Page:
Rosemary’s Baby can be viewed as just a great horror film, but it can also be read as a feminist woman’s nightmare. After all, it is her career struggling husband who arranges to have her impregnated by the devil, then forcing her to be left in the hands of a demon doctor and strange neighbors. All foe no other reason than to advance his career.  The fear of rape, an unwanted pregnancy, and the fear of an abnormal deformed childbirth are also filtered in. Rosemary becomes isolated, trapped with no family or friends to confide in or help her. Her husband who should be her most trusted ally is in on the dark devilish plan. Unlike most horror films that build up to a fright and relieve the tension before starting again, Polanski continuously builds the tension never letting the pressure  loosen for one second.

Though Polanski did not consider Rosemary’s Baby a personal film, but more as a gateway into Hollywood, he did find themes or motifs he could relate to: alienation, paranoia (Repulsion, Knife in the Water, The Tennant), apartments as a refuge from outside dangers (The Tennant, The Pianist, Repulsion), sexuality (Knife in the Water, Repulsion, Chinatown, The Tennant) and isolation (Frantic, Cul-de-Sac, Repulsion, The Tennant). Black humor is also a common thread in much of Polanski’s work (Cul-de-Sac, Chinatown, The Fearless Vampire Killers) here clearly demonstrated in the parody of the birth of Christ (most likely the scenes for why the film was condemned by the Catholic Church). Also in the “Is God Dead” Time magazine cover Rosemary browses at in the doctor’s office.

Polanski, at first, wanted a more full-bodied woman than the elfish Mia Farrow for the role of Rosemary. Jane Fonda and Tuesday Weld were names that came into play. Farrow whose claims to fame were the success of the TV show, Peyton Place, and her marriage to Frank Sinatra instead got the job. It was a fortunate choice. Her waif like little girl innocent look, part of which came naturally and part the way Polanski dressed her up, contributes enormously. It offsets the dark mood that surrounds her throughout the film. Interesting enough Polanski’s slow meticulous work habits caused the film to over run its shooting schedule. Farrow was supposed to begin work on husband Sinatra’s new film The Detective right after finishing Rosemary’s Baby. When the film ran over its schedule conflicting with Mia moving on to The Detective, Sinatra demanded she walk off the Rosemary set which she refused to do. Their marriage ended soon after. Jacqueline Bisset replaced Mia in the Sinatra film.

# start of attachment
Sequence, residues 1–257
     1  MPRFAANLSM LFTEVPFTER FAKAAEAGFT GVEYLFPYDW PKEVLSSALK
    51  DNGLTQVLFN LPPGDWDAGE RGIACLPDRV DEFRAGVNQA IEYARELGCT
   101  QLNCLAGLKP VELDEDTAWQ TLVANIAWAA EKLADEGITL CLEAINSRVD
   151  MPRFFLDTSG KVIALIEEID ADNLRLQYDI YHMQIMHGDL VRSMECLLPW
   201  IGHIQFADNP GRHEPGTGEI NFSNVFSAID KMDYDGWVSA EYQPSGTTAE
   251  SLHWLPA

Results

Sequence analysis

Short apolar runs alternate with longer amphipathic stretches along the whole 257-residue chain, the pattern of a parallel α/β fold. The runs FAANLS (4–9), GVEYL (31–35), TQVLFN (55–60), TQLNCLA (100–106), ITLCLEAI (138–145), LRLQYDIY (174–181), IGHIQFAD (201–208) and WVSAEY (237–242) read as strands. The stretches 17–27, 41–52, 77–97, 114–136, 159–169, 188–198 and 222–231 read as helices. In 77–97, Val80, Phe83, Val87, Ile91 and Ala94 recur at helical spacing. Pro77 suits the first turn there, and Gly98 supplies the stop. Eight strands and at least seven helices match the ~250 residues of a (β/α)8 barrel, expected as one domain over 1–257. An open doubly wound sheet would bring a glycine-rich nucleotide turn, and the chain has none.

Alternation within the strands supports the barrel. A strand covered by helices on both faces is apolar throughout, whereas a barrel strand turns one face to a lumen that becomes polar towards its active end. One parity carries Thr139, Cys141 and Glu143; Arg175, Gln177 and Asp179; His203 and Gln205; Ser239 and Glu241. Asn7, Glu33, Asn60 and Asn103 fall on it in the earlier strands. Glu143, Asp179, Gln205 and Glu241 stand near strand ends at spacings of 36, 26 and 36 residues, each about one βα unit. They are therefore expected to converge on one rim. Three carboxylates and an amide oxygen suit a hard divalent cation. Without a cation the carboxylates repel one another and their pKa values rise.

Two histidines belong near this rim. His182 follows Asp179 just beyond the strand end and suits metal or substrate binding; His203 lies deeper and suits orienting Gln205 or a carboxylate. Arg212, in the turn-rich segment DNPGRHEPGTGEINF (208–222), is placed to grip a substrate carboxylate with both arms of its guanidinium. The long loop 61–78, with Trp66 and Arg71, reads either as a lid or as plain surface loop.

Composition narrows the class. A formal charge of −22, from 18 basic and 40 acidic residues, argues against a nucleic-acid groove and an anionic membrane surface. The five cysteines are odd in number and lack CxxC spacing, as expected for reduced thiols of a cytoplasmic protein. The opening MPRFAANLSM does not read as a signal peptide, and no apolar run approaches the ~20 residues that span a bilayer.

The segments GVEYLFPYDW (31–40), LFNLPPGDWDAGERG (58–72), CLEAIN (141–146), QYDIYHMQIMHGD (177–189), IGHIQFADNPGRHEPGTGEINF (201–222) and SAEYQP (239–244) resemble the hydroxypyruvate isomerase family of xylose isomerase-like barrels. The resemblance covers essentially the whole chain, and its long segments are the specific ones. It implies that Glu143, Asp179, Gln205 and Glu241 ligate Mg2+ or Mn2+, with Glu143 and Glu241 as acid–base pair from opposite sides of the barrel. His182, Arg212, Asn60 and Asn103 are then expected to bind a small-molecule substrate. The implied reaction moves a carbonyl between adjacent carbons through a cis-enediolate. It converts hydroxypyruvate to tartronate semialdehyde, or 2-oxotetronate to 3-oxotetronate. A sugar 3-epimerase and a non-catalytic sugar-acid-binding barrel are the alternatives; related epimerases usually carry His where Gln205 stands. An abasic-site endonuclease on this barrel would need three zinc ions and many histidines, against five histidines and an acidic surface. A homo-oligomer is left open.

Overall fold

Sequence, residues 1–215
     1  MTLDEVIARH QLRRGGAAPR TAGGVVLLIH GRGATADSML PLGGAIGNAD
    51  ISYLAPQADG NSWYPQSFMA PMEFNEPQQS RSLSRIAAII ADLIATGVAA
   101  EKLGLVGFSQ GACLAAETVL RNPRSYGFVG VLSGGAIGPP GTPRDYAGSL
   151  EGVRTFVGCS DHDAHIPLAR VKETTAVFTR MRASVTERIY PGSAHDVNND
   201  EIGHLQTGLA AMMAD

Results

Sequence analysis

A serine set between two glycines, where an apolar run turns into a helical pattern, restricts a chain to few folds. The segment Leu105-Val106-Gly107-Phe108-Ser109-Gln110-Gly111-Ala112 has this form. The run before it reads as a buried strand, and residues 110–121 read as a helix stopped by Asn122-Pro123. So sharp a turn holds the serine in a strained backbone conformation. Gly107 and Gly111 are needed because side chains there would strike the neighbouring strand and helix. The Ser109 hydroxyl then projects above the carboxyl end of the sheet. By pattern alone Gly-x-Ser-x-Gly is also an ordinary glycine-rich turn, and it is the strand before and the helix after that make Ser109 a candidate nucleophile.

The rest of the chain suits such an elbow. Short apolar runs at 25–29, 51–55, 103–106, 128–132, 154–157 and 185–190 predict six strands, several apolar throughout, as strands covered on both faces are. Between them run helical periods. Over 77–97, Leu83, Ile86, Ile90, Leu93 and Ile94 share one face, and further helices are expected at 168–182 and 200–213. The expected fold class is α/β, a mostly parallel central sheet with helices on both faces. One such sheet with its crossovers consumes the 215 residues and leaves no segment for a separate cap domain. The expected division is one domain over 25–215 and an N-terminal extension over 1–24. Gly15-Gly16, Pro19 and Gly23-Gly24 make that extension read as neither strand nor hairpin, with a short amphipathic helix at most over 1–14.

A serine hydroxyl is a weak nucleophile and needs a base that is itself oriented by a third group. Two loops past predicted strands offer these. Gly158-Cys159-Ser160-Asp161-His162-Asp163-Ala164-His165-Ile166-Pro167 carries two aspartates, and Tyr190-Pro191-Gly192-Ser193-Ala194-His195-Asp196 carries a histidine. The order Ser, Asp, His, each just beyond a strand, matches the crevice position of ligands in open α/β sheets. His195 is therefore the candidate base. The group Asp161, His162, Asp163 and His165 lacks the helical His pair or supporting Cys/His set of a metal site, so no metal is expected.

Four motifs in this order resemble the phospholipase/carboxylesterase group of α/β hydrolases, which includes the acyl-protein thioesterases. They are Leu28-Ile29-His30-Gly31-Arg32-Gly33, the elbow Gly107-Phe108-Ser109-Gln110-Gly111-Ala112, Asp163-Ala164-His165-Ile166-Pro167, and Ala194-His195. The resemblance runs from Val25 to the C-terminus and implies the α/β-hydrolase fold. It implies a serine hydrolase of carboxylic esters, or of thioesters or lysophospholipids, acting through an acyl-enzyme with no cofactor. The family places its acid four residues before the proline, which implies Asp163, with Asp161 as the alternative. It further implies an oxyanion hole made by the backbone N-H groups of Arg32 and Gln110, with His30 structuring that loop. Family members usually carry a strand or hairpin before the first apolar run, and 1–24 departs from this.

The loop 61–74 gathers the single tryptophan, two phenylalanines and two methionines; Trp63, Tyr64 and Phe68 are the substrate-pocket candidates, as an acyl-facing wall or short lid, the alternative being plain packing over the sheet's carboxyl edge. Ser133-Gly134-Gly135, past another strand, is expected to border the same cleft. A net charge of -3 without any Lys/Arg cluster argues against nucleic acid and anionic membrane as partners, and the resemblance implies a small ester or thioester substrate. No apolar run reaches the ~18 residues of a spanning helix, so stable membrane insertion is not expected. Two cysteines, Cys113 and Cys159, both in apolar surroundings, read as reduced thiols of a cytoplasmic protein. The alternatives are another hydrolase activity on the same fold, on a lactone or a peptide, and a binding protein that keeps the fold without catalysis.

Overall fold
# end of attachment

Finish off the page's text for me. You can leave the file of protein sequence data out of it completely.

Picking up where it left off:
John Cassavetes was not the best choice for the role of Guy Woodhouse, not that he is bad, he is an interesting actor and has an obvious demonic look in some scenes, maybe just a little too obvious. Possibly an actor with a more innocent though egotistical look would have fit the part better. The supporting cast is fine, Ralph Bellamy is perfectly devilish at Dr. Saperstein, and Ruth Gordon and Sidney Blackmer as the next door neighbors look as sweet and eccentric as they do scary. Elisha Cook Jr. has a small part as does former Playboy Playmate of the Year (1968), Angela Dorian, who plays the neighbor Terry Gionoffrio who soon meets an untimely “suicidal” death. There is an inside joke with Dorian in one scene where Rosemary tells her she looks like the actress Victoria Vetri. Vetri was Dorian’s real name which she eventually went back to.